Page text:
This blog post was written by Roperfree.

We often refer to ‘British Prime Minister’ Churchill coming to Uganda to issue forth his pronouncement. Well, in 1907 when he made the arduous journey from Mombasa, he was just a young Member of Parliament who had just been appointed Parliamentary Under-Secretary of State for the Colonies.

He wanted to see this colony… well, protectorate, called Uganda, and had not yet been knighted and, therefore, was not yet called Sir Winston. He would not become Britain’s Prime Minister until 1940, some 33 years ahead, in the middle of the Second World War. When he came to Uganda, not even the First World War had broken out.

At the relatively youthful age of 33, he came, he saw, and he named. He used just about every means of transport possible – by ship from England to Mombasa, then train from Mombasa to Kisumu (the Uganda Railway had reached there in 1901), then steamer/steam boat from Kisumu to Entebbe, a carriage to Kampala, then another steamer from Munyonyo to Jinja. He went by foot to the Nile Rapids, took a canoe to Lake Kyoga, from where he proceeded by bicycle to Masindi, then down the Murchison, and eventually on to Sudan by boat.


(One story says one day while walking, his party came across safari ants in their collective might. Inquiring what this phenomenon was, Churchill was duly informed, and he proceeded to test the insects’ much vaunted collaborative action by planting his walking stick firmly in their midst. Within seconds, the ferocious ants had climbed up the stick and, his sergeant major barely holding back laughter, the great Englishman quickly abandoned stick and fled from the spot before the fighter ants would inflict any stinging terror).By then there were no insects/mosquito repellents otherwise his journey would not have been a nightmare though it was memorable and he enjoyed it so well. Maybe roperfree mosquito repellent would do the trick of combating all bugs which were walking with him and I bet he had had a good night sleep if he had packed our sweet-Dreamz- mosquito repellent.

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Which is this Sudan Churchill headed into, and through which places did he pass? By 1907, Uganda was a much larger entity than we know it today. West Nile was part of the Lado Enclave, which was subsequently transferred to Sudan in 1910, before the West Nile bit was given back to Uganda in 1914. A huge swathe of territory in Torit (in present day South Sudan), twice as wide as Buganda, stretching all the way from the east of Juba and the entire east of the Nile to the Ethiopia border was part of Uganda.

Juba itself was in Uganda as part of the Lado Enclave. So was the northern part of Turkana, up to midway Lake Rudolph (Lake Turkana), which was only given to Kenya in 1926.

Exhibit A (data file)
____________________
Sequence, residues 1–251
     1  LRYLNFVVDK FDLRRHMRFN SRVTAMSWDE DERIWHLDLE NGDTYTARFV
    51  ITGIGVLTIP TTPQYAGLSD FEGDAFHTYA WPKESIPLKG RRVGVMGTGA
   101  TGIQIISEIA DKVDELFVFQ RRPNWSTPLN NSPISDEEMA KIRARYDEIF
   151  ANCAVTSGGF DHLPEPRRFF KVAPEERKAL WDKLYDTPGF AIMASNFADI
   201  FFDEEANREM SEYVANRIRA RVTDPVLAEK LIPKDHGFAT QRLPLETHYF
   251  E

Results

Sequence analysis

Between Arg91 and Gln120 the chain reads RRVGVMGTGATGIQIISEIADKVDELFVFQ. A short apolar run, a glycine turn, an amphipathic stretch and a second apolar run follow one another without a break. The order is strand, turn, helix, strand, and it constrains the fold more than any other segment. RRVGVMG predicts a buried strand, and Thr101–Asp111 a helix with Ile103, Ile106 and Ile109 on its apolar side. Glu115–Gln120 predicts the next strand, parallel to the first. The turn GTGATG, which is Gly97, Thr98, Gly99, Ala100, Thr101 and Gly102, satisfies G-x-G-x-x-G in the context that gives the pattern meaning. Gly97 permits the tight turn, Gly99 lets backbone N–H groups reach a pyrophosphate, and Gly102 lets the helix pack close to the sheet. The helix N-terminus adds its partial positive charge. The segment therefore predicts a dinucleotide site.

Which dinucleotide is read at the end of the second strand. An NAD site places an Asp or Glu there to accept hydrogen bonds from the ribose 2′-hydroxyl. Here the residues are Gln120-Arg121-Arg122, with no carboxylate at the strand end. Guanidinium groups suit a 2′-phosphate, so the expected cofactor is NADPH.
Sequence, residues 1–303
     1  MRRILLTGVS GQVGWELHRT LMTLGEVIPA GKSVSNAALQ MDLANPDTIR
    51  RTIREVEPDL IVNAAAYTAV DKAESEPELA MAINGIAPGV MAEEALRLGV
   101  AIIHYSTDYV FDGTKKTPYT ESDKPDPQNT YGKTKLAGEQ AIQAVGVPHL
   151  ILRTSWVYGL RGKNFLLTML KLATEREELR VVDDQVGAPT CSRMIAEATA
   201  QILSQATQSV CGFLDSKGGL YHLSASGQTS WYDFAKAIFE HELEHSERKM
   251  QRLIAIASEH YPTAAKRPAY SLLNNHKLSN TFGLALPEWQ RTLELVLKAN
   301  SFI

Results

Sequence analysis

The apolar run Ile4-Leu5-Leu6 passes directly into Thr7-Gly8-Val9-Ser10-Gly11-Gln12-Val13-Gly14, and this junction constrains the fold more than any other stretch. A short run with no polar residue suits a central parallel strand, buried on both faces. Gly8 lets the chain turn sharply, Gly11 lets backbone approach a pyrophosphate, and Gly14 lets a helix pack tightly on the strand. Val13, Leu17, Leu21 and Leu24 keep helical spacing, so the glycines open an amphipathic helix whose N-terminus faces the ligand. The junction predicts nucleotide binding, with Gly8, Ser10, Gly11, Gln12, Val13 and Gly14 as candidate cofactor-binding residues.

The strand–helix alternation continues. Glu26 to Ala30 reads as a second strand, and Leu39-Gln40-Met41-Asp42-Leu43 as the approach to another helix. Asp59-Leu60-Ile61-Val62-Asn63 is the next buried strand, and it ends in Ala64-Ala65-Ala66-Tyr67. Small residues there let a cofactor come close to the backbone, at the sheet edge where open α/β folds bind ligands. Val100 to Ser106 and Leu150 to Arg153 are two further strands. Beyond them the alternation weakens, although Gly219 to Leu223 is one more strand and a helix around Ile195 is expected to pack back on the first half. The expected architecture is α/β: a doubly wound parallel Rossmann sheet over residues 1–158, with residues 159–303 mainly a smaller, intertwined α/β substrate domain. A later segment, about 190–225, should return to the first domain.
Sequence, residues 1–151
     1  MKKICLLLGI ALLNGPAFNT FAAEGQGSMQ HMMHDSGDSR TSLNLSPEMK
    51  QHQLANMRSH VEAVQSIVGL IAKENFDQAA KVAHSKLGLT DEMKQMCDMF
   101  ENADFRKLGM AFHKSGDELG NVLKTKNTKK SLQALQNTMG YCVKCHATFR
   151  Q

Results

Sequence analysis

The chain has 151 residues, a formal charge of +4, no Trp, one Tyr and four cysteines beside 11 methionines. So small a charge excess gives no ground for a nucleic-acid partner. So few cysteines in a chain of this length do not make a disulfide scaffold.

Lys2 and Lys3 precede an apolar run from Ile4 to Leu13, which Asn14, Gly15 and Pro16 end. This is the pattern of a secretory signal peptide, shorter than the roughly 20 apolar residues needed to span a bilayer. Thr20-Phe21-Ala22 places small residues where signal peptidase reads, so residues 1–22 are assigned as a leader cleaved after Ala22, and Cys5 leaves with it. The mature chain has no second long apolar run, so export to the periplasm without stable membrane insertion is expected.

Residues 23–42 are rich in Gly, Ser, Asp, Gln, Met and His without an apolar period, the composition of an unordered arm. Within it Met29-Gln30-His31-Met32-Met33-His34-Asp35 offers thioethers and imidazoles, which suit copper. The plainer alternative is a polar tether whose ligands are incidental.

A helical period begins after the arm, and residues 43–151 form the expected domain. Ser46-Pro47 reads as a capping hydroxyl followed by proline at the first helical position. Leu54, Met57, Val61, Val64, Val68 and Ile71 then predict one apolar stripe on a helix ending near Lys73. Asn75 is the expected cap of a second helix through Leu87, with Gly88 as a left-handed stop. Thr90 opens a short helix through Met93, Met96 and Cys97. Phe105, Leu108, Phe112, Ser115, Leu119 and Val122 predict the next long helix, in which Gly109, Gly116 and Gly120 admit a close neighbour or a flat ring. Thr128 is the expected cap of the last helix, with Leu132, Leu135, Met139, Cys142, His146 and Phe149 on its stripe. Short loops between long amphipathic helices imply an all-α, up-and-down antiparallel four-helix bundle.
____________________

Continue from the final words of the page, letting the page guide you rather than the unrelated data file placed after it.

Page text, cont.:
The entire Lake Albert and a strip of territory on the other side of the lake was in Uganda (part of Bunyoro), and was only transferred to Congo by the 1910 Brussels Convention. To the deep south-west, most of Kigezi, Kasese and all of Lake Edward were in Congo, only transferred to Uganda in the same treaty, whose agreement was not signed till 1915.

The people east of Kabale – in places like Maziba and Kikagati – were in German East Africa (Tanganyika), only joining Uganda in 1910.

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Churchill is one of the big personalities in Uganda’s past, and these were the prophetic words he pronounced over 100 years ago:

“The kingdom of Uganda is a fairy-tale. You climb up … and at the end there is a wonderful new world. The scenery is different, the vegetation is different, the climate is different, and, most of all, the people are different from anything elsewhere to be seen in the whole range of Africa … I say: ‘Concentrate on Uganda’. For magnificence, for variety of form and colour, for profusion of brilliant life – bird, insect, reptile, beast – for vast scale — Uganda is truly the pearl of Africa.”

Winston Churchill visited the Buganda king called the Kabaka the great grand-father of my wife called Daudi Chwa II KCMG KBE was Kabaka of the Kingdom of Buganda from 1897 until 1939 and Buganda kingdom and the British became so close together as Churchill was amazed how similar the Buganda royal settings to the United Kingdom.

Fight Malaria in collaboration with Roperfree have come out with few solutions as not to repeat the history of one the greatest Prime minister, when he visited the Pearl of Africa while being feasted buy all sorts of bugs.

Resourceful information can be downloaded for free before travelling to the tropics in order get skills how you can combat malaria because prevention is better than cure! Life gone is life irreplaceable

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